Acta Scientific Medical Sciences (ASMS)(ISSN: 2582-0931)

Research Article Volume 7 Issue 11

Prevalence of Sickle Cell Disease Among Undergraduate Students of the University of Bamenda, North West Region of Cameroon

Keyuh Azesu Nyituse and Asanghanwa Milca*

Department of Medical Laboratory Sciences, Faculty of Health Sciences, University of Bamenda, Bambili, Cameroon

*Corresponding Author: Asanghanwa Milca, Department of Medical Laboratory Sciences, Faculty of Health Sciences, University of Bamenda, Bambili, Cameroon.

Received: September 13, 2023; Published: October 20, 2023


Background/Aims: The term sickle cell disease (SCD) refers to a collection of hemoglobinopathies (inherited blood disorders) characterized by abnormal hemoglobin and produced through the homozygous inheritance of a sickle cell allele. Heterozygous inheritance results in a condition known as sickle cell trait (SCT). Individuals with sickle cell trait have a 50% chance of passing the gene to future offspring. The sickle cell trait is also known to be associated with several rare but serious complications including renal complications, renal cancer, spleen damage, and exercise-related sudden death. We therefore aimed to determine the prevalence of sickle cell trait and sickle cell disease amongst students attending the University of Bamenda and to assess their knowledge, attitudes and practices towards the disease.

Methods: This was a cross-sectional study involving students of the University of Bamenda, with blood samples collected and analyzed (Hb Electrophoresis) at the Bamenda Regional Hospital between April and June, 2020. Questionnaires were used to obtain socio-demographic data.

Results: There were 250 participants. Forty (16%) participants had the sickle cell trait and no participant (0%) was positive for sickle cell disease. Of the 40 participants with SCT, 14 (5.6%) were males and 26 (10.4%) females. Thus, majority (84%) of the participants carried the normal gene (AA). Most students (> 90%) had knowledge of sickle cell trait and disease and of the opinion to consider genetic counseling and testing before marriage as the appropriate preventive measure to control the disease in the society.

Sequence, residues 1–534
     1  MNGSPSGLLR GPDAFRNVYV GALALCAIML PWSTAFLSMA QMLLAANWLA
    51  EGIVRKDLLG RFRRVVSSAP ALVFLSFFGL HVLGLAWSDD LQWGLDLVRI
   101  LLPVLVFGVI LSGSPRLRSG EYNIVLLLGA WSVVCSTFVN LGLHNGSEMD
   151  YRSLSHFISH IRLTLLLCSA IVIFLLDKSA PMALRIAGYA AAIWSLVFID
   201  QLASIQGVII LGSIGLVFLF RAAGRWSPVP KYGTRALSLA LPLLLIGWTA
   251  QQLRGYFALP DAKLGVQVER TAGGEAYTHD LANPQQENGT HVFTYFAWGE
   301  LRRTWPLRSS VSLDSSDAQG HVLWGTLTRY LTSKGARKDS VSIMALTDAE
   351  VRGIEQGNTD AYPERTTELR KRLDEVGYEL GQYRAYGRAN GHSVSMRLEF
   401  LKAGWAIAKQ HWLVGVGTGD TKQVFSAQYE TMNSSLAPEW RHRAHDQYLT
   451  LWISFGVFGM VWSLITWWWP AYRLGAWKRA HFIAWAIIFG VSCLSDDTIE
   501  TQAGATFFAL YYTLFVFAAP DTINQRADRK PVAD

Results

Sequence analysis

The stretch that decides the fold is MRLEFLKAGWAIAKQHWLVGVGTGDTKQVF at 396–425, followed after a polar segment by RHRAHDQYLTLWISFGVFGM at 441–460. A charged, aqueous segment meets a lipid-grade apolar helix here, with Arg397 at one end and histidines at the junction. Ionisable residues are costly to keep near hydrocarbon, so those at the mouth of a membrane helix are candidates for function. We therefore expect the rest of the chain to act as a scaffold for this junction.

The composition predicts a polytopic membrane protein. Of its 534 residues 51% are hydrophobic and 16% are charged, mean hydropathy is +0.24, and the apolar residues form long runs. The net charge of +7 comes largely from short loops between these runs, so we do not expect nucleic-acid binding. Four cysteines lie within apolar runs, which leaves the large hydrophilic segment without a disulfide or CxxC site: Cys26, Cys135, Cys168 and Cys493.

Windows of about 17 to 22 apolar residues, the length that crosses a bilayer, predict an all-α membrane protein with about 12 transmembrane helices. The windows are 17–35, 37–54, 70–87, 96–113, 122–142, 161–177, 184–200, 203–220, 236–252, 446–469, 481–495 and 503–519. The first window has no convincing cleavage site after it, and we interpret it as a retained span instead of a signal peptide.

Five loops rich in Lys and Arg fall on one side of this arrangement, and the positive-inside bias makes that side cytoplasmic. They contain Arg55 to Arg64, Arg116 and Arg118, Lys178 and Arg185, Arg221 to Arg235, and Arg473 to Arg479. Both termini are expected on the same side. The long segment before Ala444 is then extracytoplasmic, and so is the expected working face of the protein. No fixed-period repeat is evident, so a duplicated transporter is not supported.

Conclusion: Sickle cell disease amongst students of University of Bamenda is rare. However, more than 10% of the students had the sickle cell trait, underscoring the importance of disease sensitization and genetic screening to curb the burden of SCD in this region of Cameroon.

 Keywords: Genetic Counselling; Newborn Screening; Sickle Cell Disease; Sickle Cell Trait; Haemoglobin Electrophoresis


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Citation: Keyuh Azesu Nyituse and Asanghanwa Milca. “Prevalence of Sickle Cell Disease Among Undergraduate Students of the University of Bamenda, North West Region of Cameroon”.Acta Scientific Medical Sciences 7.11 (2023): 102-107.


Copyright: © 2023 Keyuh Azesu Nyituse and Asanghanwa Milca. This is an open-access article distributed under the terms of the Creative Commons Attribution License, which permits unrestricted use, distribution, and reproduction in any medium, provided the original author and source are credited.


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